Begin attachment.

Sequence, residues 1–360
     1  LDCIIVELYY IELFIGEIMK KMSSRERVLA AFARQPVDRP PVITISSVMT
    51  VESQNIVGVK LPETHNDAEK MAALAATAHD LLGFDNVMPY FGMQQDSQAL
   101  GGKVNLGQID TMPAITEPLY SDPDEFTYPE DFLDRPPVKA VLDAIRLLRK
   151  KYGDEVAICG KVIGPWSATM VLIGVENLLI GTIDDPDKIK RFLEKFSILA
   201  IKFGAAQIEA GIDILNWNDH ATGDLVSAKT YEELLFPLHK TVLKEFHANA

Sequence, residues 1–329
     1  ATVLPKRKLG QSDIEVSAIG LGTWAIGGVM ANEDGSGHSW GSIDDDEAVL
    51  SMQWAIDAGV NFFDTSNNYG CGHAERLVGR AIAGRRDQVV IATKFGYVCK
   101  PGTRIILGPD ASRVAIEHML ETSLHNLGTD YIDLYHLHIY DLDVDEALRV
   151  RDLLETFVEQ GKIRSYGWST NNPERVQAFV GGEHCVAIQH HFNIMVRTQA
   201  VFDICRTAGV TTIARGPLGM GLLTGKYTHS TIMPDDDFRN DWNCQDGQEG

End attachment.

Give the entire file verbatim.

Sequence, residues 1–360
     1  LDCIIVELYY IELFIGEIMK KMSSRERVLA AFARQPVDRP PVITISSVMT
    51  VESQNIVGVK LPETHNDAEK MAALAATAHD LLGFDNVMPY FGMQQDSQAL
   101  GGKVNLGQID TMPAITEPLY SDPDEFTYPE DFLDRPPVKA VLDAIRLLRK
   151  KYGDEVAICG KVIGPWSATM VLIGVENLLI GTIDDPDKIK RFLEKFSILA
   201  IKFGAAQIEA GIDILNWNDH ATGDLVSAKT YEELLFPLHK TVLKEFHANA

Sequence, residues 1–329
     1  ATVLPKRKLG QSDIEVSAIG LGTWAIGGVM ANEDGSGHSW GSIDDDEAVL
    51  SMQWAIDAGV NFFDTSNNYG CGHAERLVGR AIAGRRDQVV IATKFGYVCK
   101  PGTRIILGPD ASRVAIEHML ETSLHNLGTD YIDLYHLHIY DLDVDEALRV
   151  RDLLETFVEQ GKIRSYGWST NNPERVQAFV GGEHCVAIQH HFNIMVRTQA
   201  VFDICRTAGV TTIARGPLGM GLLTGKYTHS TIMPDDDFRN DWNCQDGQEG